who tell me what their kids are asking for. I try to pull as much
information from as many sources as possible urd .,s. that to
inform my decisions. My intention is to purchase books that
reflect more and diverse experiences, books that are relevant to
kids. I think itt really important for kids to see themselves in
books, and that's a social justice issue."
Fryd uses non-mainstream review sources when deciding what
books to purchase, as well as traditional journals. She co-nsults

blogs such as The Brown Bookshelf, Asia in the Heart, Reading
as Black NerJ
Problems, Read Diverse Books, American Indians in Childrent
Literature, Diversity in YA, Fangirlish, Gay yA, Comics Alliance,
Buzzfeed Books, and Latinxs in Kid Lit. She added, ,,I think it,s
also a statement to publishers when we buy books from African
American writers. Were saying, not only do our patrons want to
read these books, but there's a market for writers of colorl,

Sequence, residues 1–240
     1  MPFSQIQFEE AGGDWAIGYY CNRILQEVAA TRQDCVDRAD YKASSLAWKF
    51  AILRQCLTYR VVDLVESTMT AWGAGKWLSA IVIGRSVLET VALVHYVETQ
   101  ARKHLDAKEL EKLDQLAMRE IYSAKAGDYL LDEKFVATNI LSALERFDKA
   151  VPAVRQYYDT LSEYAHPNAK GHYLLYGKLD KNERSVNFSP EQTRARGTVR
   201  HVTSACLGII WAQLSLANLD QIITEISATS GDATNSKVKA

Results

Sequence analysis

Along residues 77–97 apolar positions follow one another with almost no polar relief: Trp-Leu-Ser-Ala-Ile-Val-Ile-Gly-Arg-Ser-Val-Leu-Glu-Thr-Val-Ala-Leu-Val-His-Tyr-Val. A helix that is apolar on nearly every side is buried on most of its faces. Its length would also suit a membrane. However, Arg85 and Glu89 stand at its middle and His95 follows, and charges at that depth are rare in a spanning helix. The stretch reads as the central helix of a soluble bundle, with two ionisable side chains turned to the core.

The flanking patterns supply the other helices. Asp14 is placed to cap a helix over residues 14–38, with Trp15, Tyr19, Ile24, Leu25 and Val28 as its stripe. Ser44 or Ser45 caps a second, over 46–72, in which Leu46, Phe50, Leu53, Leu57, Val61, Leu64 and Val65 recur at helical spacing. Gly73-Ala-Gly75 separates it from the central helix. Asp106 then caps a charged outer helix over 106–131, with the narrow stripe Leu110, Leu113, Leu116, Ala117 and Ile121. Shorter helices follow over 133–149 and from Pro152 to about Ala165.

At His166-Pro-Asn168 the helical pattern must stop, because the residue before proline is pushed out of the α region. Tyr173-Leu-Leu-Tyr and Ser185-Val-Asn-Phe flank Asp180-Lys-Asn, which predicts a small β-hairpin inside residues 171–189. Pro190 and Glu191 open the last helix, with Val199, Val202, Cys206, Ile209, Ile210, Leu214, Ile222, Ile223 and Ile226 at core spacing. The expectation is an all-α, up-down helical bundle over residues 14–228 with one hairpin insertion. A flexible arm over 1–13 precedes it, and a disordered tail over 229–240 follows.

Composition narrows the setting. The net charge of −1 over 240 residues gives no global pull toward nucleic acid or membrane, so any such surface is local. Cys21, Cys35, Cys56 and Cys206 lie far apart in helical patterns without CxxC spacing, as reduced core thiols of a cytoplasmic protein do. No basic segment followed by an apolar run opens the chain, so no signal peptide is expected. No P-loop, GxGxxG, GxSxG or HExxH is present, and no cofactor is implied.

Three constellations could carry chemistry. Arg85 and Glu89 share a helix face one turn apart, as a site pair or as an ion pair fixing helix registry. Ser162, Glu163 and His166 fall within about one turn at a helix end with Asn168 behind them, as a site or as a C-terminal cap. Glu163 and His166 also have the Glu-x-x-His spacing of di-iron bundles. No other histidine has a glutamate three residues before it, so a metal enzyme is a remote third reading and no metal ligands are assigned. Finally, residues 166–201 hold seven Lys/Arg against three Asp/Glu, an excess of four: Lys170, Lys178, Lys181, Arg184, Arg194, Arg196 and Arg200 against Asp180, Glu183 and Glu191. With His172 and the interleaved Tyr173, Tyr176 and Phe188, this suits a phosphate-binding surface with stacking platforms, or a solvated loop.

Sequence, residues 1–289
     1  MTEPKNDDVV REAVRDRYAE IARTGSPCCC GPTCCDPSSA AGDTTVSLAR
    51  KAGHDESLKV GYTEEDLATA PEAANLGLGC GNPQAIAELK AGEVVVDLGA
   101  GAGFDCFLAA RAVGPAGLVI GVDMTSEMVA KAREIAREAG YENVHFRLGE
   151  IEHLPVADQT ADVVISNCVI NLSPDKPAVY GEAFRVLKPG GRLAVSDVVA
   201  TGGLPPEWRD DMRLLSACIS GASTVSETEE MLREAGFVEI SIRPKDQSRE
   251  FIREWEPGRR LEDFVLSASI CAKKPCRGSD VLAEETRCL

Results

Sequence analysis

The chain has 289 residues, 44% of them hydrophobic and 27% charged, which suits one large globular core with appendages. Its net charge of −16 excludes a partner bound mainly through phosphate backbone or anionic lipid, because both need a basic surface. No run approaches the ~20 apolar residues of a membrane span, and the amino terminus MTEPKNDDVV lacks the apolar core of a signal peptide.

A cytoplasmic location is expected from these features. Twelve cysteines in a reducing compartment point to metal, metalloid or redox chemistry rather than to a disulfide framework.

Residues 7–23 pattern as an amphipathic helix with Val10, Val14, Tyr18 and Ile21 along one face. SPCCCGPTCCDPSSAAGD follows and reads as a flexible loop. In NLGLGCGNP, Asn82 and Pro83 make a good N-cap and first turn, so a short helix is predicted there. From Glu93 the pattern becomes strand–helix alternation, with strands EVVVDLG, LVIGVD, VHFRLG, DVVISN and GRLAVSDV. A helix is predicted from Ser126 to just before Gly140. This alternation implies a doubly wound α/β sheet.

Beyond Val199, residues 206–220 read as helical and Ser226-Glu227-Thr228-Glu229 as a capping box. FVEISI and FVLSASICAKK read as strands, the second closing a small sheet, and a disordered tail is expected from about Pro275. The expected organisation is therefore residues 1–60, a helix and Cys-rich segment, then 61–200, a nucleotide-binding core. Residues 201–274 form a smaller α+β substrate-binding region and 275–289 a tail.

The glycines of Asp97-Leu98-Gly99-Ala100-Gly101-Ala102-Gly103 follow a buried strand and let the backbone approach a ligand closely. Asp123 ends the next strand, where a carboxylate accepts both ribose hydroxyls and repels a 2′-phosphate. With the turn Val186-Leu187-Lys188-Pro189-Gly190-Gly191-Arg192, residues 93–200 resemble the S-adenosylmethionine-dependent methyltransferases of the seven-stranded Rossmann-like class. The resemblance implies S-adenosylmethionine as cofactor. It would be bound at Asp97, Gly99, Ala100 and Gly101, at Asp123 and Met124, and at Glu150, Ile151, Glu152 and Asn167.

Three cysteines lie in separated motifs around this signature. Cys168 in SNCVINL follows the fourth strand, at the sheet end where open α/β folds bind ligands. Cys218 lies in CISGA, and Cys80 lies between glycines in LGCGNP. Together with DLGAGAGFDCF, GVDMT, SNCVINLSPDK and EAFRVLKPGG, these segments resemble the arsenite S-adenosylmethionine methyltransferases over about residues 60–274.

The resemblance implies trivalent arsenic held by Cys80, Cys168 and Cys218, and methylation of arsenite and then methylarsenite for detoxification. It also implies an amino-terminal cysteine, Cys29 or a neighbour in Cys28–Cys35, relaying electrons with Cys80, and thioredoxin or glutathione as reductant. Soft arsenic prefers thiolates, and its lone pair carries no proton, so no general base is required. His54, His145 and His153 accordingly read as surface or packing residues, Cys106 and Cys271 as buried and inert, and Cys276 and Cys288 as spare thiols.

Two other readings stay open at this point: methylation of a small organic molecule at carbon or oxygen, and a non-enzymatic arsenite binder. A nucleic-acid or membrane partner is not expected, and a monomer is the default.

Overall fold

While Whlte, and De Colores, and websites such

Social justice issues are forefront in many of our minds right
now as we follow current events, interact with our teen patrons,
and design our library collections, programs, and facilities with
intention and care. There are a myriad of ways to incorporate
social consciousness and activism into our professional lives, so
I leave you with an important question: How are you reaching
out to teens who may feel marginalized from their peers or from
society and creating warm and welcoming spaces that encourage

all teens to live up to their greatest potential?

-

to students is that the research paper is an invitation to
enter the globaI community of scholars. Because there are only
eight school librarians in Philadelphia and perhaps only two at
the high school level, I think this may constitute the only serious
messages

program of information literacy instruction in philadelphia for
teens. This is actually an educational/social justice crisis in my
opinioni'
School visits cost nothing more than the time and effort of the
librarian who organizes them, but the Free Library is also iucky
enough to hold grant-supported programs, such as the Field

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a

Erin Hoopes is branch manager of the philadelphia City lnstitute
Library. Free Library o[ Philadelphia. She has worked in public
libraries since 2004 and especially loyes teen programmiig and

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www.yoyamagazine.com

June2017VOYA